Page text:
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Uniting the Right Behind McCain

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Uniting the Right Behind McCain

Election 2008

Uniting the Right Behind McCain

Uniting the Right Behind McCain

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  • <iframe src="" width="100%" height="290" frameborder="0" scrolling="no" title="NPR embedded audio player">
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John McCain may look more like the Republican Party's presidential nominee every day, but that doesn't mean the conservative base is on board, yet. Rene Montagne talks with political strategist Matthew Dowd about what McCain must do to unite conservative voters behind his candidacy.


We go now for some analysis to Matthew Dowd. He's an independent political strategist, who has in the past advised President Bush, among other Republicans. And he joins us on the line from Phoenix. Good morning.

Mr. MATTHEW DOWD (Independent political strategist): Good morning.

MONTAGNE: Now, we've just heard Senator McCain trying very hard to appeal to conservative voters, some of whom - we've heard - would rather lose than vote for him. What does he do - do you have to do to win them over?

Mr. DOWD: Well, he's - yesterday was a step towards that - towards John McCain trying to solve some of those fissures that have - that are in that part of the Republican Party. And he's going to have to keep trying to do that and at least begin to learn the language of conservatives. And I think a big part of the problem is his - the language that's he used hasn't always been what the conservatives wanted to hear. And so I think he's going to have to keep moving steps towards that.

The other thing that I think John McCain has going for him is if Hillary Clinton wins the nomination. I know there's a lot of conservatives out there that said they wouldn't vote or would vote for her, but I think she's probably the most unifying force for John McCain out there right now, not himself.

MONTAGNE: Well, is it risky for Senator McCain to spend so much time trying to court conservative voters, because in a match up with either of the two Democrats, he's going to be needing Independents?

Mr. DOWD: It's extremely risky, especially for a candidate like John McCain, whose brand as a politician is totally tied to his independence and maverick and his willingness to throw a flag on either side of the field. It's very risky. And when he got into trouble last summer and last year in his campaign when it was doing well, it was when people thought he'd lost his authenticity. And so he's got to balance the balance between his own sense of independence and his maverickness - I guess - to wanting to encourage and motivate turnout among conservatives. But it's a difficult, difficult balance for him.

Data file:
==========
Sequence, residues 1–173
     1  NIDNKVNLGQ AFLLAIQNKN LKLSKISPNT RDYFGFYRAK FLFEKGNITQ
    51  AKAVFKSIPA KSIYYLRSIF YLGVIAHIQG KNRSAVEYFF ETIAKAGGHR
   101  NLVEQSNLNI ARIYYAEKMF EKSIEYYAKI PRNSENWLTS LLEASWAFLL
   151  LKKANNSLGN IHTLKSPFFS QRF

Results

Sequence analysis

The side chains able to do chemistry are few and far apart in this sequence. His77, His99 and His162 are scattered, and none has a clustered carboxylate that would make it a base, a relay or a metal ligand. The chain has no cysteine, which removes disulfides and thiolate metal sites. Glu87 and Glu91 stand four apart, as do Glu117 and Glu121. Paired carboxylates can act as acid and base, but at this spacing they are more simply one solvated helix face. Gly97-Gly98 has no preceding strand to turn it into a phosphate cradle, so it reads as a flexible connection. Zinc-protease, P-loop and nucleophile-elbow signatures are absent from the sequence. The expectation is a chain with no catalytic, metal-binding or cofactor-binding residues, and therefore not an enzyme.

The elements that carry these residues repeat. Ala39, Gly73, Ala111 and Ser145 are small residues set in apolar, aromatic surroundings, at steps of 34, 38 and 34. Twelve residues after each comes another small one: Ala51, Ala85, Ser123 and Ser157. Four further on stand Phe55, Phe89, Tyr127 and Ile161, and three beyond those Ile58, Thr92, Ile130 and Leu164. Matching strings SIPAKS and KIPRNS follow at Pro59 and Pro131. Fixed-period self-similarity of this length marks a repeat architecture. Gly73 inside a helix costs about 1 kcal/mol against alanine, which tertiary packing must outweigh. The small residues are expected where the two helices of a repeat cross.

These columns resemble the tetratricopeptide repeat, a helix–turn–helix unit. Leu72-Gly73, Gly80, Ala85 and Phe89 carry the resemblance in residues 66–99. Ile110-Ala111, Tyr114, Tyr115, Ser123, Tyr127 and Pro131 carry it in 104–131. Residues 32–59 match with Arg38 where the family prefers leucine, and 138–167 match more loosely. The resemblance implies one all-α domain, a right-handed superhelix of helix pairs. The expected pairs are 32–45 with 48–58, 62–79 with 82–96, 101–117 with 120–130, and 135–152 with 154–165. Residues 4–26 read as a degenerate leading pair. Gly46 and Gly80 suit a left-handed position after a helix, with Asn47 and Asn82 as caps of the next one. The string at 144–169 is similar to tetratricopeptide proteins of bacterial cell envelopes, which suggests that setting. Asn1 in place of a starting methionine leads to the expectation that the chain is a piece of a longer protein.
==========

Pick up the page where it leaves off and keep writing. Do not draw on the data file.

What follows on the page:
MONTAGNE: Now, motivating them to vote is one thing. Is it important for him to motivate conservatives to actually get behind his campaign?

Mr. DOWD: Yes. I mean, obviously there's a huge conservative element out there in the media, talk radio and other shows - cable shows - that has a megaphone attached to it that affects, you know, millions and millions of conservative around the country. Not as much as they like to say, but it does have an affect. So he's going to want people advocating for him that are conservatives.

But at the same time, simultaneously, he's got to be careful because he knows this election is ultimately going to be about Independents and swing voters. But he can't leave the conservatives behind, because in a close election they could put him over the top.

MONTAGNE: Going to a general election - of course, we don't know who the nominee will be for the Democrats - but you mentioned Senator Clinton, how would you say Senator McCain would match up against Senator Obama and then Senator Clinton?

Mr. DOWD: I think if you gave the strategists and the people around John McCain some truth serum and asked them to say who they want to run against, in a minute they'd say Senator Hillary Clinton. They think that she's polarizing. She'd motivate and unite the base of the Republican Party. She's not a generational difference and a change of a figure. She's a bit of a throwback to the past, like to a degree, he is.

Against Senator Obama it's a much more difficult task. It would be a generational campaign, the new versus the older, somebody that had a distinct stand on Iraq versus his stand on Iraq. I think Senator Obama is a much more difficult race and there is not a vitriol from the conservative and the Republican base against Senator Obama. They don't sort of dislike him to their core like they Hillary Clinton.

I think they would much prefer the McCain folks race against Hillary Clinton than Barack Obama, because it's hard to compose a strategy against the new guy like Barack.

MONTAGNE: Thanks very much. Matthew Dowd is an independent political strategist.

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